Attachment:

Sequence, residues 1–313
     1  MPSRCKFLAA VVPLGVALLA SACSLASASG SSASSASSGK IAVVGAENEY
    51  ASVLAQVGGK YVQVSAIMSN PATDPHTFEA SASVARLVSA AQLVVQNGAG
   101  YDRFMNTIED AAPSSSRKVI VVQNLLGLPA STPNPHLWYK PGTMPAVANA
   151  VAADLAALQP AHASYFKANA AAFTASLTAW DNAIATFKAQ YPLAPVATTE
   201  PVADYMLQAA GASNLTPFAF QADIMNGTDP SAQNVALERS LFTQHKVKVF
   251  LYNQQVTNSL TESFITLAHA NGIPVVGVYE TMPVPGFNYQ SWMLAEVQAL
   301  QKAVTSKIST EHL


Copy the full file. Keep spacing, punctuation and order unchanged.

Sequence, residues 1–313
     1  MPSRCKFLAA VVPLGVALLA SACSLASASG SSASSASSGK IAVVGAENEY
    51  ASVLAQVGGK YVQVSAIMSN PATDPHTFEA SASVARLVSA AQLVVQNGAG
   101  YDRFMNTIED AAPSSSRKVI VVQNLLGLPA STPNPHLWYK PGTMPAVANA
   151  VAADLAALQP AHASYFKANA AAFTASLTAW DNAIATFKAQ YPLAPVATTE
   201  PVADYMLQAA GASNLTPFAF QADIMNGTDP SAQNVALERS LFTQHKVKVF
   251  LYNQQVTNSL TESFITLAHA NGIPVVGVYE TMPVPGFNYQ SWMLAEVQAL
   301  QKAVTSKIST EHL